The objective of this project was to explore different laser-based positioning technologies and evaluate their performance when applied to handheld technology integration and limited line-of-sight environment surveying. Laser positioning systems have been in use by land surveyors for many years. Geophysical surveying has used the systems in limited capacities, which include surveying near wooded boundaries, buildings, along cleared wooded paths with heavy canopies, or other areas where GPS does not work effectively. Laser-based positioning technology has a positional accuracy in the millimeter range and a small spherical error, both of which provide the positional accuracy needed for anomaly parameter recovery through inversion techniques.

Technical Approach

An initial laser assessment was conducted and significant progress made to modify and deploy the technology. Comparative testing of three different laser-based systems with an industry-standard satellite-based position system was conducted at the Engineer Research and Development Center (ERDC) Test Stand in Vicksburg, Mississippi. After this comparative testing, issues with the Leica instrument’s timing became apparent. The multi-gun control software underwent further development, modification, and testing. Lastly, one of the Leica instruments was integrated with an industry-standard electromagnetic (EM) sensor designed for handheld deployments.

Instrument testing shifted from Leica to the more stable and better performing Trimble platform. Utilizing lessons learned from the previous years, a characterization study measured the performance specifications of the Trimble platform. During the evaluation, several issues were identified and presented to Trimble engineers. These issues included prism list addition and several man-machine interface command problems.


Several systems by two different manufacturers (Leica and Trimble) were tested. As the project evolved, it became clear that the Leica TPS1200 system could not provide a positioning solution at either the speed or with the timing consistency as the newer Trimble SPS930 unit.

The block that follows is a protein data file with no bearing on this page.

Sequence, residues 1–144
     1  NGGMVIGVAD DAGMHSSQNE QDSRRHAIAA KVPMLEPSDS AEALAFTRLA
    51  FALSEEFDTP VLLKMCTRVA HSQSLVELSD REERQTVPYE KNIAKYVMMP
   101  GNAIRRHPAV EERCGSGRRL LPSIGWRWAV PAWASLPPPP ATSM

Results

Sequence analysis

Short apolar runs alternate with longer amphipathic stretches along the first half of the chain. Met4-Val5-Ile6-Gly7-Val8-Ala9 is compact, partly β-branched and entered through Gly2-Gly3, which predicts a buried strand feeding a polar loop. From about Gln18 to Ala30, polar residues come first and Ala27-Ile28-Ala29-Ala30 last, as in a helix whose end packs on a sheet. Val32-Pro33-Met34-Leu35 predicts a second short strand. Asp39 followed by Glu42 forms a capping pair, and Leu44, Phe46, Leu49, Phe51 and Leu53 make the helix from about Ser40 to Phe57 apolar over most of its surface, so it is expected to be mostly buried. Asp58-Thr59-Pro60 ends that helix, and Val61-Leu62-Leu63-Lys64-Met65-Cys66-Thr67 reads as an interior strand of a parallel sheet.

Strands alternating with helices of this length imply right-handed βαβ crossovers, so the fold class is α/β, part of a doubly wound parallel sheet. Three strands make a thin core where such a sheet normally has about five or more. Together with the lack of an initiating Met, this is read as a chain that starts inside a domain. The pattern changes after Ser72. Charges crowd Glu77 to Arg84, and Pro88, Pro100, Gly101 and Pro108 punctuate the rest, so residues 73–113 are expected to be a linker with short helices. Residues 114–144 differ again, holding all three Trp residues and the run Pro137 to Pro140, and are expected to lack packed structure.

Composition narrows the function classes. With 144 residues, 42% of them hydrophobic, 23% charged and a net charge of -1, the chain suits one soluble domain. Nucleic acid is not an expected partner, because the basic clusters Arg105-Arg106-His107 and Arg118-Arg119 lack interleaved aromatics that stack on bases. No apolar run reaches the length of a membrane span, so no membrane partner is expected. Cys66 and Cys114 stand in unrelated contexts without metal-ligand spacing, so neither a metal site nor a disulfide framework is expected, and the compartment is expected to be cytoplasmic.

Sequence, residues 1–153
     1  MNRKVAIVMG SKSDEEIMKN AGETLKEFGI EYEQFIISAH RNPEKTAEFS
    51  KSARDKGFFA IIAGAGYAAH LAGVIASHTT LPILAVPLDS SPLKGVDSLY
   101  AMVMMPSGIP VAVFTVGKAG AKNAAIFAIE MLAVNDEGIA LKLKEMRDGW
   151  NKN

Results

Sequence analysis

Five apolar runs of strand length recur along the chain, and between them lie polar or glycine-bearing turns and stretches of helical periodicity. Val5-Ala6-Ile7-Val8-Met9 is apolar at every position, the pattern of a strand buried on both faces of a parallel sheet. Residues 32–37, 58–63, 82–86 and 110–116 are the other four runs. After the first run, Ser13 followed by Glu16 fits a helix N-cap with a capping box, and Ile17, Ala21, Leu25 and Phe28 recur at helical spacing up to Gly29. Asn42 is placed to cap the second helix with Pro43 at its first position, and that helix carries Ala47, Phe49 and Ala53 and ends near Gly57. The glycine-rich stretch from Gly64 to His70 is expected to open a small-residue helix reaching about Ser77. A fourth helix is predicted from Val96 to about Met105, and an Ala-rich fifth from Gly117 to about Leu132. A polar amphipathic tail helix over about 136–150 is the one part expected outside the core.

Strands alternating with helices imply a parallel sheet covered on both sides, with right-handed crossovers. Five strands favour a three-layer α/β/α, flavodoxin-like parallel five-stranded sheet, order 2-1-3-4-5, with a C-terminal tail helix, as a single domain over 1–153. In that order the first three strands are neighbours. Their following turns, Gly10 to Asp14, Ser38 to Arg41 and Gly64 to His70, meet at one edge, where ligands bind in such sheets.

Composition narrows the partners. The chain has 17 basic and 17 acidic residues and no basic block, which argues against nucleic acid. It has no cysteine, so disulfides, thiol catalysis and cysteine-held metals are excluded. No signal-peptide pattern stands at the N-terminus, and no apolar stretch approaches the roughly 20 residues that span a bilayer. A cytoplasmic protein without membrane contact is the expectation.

The Trimble was a superior instrument for the following reasons:

  • Latency and Dither: The Trimble SPS930 has a small dither (4 ms) that makes correcting the timestamp of the positions a simple calculation.
  • Faster Update Rate: The SPS930 has a 10 Hz sample rate with a possibility of 20 Hz in the future.
  • Active Prism: The flashing light-emitting diode (LED) of the prism provides a glow that the gun identifies and tracks even when multiple prisms are in use. Also the LED provides a glow that the gun uses to locate the prism after the line-of-sight has been interrupted.
  • Firmware Stability: The firmware of the SPS930 was more stable and reliable when compared to the firmware of the TPS1200. However, some glitches were noticed during the wooded tests. The SPS930 is a new instrument so some glitches are to be expected.

For handheld sensor integration, the dither and sample rate are the key points. Sensor integration tests with the Leica system did not provide the necessary positional data quality needed for successful inversion. The Trimble provided the necessary positional quality for the reliable inversion of geophysical sensor data, making it the instrument of choice for sensor integration.


The Trimble SCS930 provides an accurate and reliable positioning sensor suitable for deployment in open and wooded areas with tree densities less than 6 trees per 25 m2. Above this density, accurate positions can only be obtained over a small fraction of the site. Therefore, laser systems are a partial, but not complete, solution for surveying in wooded areas.

  • Geolocation ,

  • Optical